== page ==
blog: ssh into machine that is behind private net

Şahin Akkaya 2022-02-27 08:01:04 +03:00
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title: "SSH into Machine That Is Behind a Private Network"
date: 2022-02-27 00:40:00 +0300
tags: ssh private-network remote-port-forwarding
## Story
I believe there is always a "tech support person" in every home. Everyone knows that when there is a problem with any electronic device, they should ask this person. I am the tech support in our house. Today, I had to fix a problem in our desktop. Since I was not at home, I had to fix the problem remotely.
## Possible solutions
- Just tell the non-tech people at home to configure the router to forward ssh traffic to desktop, right? Well, this is not an option for me, not because people are non-tech, but there is no router! The desktop is connected to internet via hotspot from mobile phone. There is no root access in the phone and even if there was, it is a really big pain to forward the packets manually. Trust me. Been there, done that!
- There are tools like [ngrok](, [localtunnel]( which exposes your localhost to the internet and gives you a URL to access it but I did not want to use them.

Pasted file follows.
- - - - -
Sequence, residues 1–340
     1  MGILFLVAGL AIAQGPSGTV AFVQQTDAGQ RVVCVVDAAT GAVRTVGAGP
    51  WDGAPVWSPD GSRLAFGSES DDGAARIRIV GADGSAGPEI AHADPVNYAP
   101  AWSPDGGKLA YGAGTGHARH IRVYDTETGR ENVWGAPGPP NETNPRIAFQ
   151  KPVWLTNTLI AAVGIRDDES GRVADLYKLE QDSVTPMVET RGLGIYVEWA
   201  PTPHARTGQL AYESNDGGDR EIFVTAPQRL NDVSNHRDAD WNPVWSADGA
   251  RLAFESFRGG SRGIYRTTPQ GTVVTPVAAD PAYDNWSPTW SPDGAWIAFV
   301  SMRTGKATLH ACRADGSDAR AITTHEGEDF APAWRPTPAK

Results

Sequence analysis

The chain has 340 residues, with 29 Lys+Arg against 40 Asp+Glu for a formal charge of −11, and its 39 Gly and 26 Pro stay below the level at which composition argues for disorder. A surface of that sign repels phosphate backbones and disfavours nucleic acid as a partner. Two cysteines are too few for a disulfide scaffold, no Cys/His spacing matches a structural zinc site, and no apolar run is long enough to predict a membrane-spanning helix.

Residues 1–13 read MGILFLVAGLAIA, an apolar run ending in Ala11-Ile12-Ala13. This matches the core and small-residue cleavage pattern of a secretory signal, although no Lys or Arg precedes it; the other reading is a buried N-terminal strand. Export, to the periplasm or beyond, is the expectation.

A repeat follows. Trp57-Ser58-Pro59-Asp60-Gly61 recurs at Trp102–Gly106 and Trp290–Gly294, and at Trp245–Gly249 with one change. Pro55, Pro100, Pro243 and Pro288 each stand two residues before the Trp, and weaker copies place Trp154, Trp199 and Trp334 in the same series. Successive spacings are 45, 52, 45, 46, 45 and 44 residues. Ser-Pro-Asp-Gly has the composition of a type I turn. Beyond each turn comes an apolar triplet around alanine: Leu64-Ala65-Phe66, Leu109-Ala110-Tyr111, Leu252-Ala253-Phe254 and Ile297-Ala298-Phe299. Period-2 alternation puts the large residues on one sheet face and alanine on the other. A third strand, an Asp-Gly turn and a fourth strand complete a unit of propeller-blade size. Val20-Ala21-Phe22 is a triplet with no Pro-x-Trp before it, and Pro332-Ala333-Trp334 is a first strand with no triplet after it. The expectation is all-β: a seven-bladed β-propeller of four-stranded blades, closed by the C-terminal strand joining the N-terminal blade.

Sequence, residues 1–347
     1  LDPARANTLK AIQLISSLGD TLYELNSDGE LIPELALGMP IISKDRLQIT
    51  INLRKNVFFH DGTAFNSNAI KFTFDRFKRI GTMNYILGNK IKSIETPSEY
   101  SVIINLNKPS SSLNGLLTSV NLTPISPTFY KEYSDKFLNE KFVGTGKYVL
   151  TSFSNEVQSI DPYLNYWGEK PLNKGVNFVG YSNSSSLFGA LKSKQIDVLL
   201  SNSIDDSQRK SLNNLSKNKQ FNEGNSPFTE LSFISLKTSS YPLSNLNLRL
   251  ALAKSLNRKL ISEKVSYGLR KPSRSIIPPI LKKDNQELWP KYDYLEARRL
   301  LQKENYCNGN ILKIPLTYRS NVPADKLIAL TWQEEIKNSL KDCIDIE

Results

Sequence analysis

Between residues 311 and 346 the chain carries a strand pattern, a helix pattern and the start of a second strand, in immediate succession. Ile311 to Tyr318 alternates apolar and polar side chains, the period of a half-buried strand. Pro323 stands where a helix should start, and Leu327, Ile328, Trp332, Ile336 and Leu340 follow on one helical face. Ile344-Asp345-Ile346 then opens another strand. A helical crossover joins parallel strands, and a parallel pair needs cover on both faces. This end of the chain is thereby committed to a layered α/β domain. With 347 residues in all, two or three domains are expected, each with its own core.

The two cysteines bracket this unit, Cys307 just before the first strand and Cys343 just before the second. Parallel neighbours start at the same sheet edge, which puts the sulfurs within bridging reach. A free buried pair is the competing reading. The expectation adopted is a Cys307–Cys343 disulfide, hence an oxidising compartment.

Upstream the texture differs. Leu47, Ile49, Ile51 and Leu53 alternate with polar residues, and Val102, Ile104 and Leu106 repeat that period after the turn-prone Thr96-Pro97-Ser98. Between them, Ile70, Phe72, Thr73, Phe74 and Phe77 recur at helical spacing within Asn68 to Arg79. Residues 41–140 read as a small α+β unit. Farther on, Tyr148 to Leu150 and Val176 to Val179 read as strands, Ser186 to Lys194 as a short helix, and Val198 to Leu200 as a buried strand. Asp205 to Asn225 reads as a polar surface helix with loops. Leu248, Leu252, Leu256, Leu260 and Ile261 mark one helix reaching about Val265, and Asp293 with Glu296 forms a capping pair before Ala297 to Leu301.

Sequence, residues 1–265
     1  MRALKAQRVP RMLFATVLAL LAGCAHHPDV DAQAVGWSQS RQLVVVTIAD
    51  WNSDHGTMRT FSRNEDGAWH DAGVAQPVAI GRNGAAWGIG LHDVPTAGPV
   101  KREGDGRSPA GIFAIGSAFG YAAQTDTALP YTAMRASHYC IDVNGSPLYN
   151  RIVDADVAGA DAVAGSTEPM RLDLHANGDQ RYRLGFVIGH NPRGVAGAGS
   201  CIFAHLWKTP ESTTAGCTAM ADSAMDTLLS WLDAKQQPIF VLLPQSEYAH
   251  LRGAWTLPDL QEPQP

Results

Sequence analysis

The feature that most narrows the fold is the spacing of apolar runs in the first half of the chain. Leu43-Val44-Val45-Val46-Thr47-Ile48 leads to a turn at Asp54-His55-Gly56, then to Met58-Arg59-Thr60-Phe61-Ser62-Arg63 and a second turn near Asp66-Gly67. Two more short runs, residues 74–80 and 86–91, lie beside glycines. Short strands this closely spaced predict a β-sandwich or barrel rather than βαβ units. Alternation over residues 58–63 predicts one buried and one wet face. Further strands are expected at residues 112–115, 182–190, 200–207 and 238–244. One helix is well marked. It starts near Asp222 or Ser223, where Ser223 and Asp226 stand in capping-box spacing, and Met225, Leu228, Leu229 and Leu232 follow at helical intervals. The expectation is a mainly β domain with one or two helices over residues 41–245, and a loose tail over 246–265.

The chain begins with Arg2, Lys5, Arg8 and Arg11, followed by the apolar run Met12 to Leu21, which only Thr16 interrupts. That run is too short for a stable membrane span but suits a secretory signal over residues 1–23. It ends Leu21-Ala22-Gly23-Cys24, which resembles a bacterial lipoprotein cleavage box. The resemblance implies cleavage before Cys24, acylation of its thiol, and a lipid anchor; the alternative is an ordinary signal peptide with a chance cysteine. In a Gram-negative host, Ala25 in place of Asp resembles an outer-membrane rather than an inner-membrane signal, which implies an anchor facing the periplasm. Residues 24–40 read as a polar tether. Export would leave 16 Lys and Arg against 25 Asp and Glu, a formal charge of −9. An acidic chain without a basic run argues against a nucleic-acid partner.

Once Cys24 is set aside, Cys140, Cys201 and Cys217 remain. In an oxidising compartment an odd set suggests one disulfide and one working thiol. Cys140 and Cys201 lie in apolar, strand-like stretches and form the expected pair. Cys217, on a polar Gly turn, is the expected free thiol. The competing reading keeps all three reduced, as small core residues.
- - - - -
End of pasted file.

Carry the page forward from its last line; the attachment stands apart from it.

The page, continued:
- I did not want to use `ngrok` because it is not open source and it might have security issues. They are also charging you.
- `localtunnel` seemed perfect. The code of both client and server is open. That is great news! But it did not last long because it is just forwarding http/https traffic :(
## Solution
I was thinking of extending the functionality of `localtunnel`, but I learned a very simple way. You don't need any external program to overcome this issue. The good old `ssh` can do that! All you need is another machine (a remote server) that both computers can access via ssh.
# local machine (my home computer)
ssh -R 7777:localhost:22
This command forwards all the incoming connections to port 7777 of remote machine to port 22 of our current machine. In order for this to work, you need to make sure `GatewayPorts` is set to `yes` in the remote server ssh configuration. It also assumes our current machine accepts ssh connections via port 22.
Now, go to any machine and connect to the remote server first. When we are connected, we will create another ssh connection to port 7777 to connect our home computer.
# another local machine (my laptop)
# connected remote
ssh -p 7777 homeuser@localhost
# we are now connected to home computer
The last two command can also combined so that we directly hop into the home computer.
ssh -t ssh -p 7777 homeuser@localhost
### Result
As a result, it only took us 2 simple ssh commands to do this. This is just unbelievable! Now, I need to find a way to make non-tech people at home run this command when there is a problem. Too bad Linux can't help me there :D